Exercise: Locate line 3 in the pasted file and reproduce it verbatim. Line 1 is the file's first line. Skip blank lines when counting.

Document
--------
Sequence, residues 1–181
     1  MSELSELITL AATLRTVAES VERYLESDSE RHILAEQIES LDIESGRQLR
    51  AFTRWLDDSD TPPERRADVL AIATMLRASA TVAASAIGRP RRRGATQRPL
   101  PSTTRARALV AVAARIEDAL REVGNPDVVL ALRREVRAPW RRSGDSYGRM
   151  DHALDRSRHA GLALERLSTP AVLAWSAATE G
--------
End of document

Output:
    51  AFTRWLDDSD TPPERRADVL AIATMLRASA TVAASAIGRP RRRGATQRPL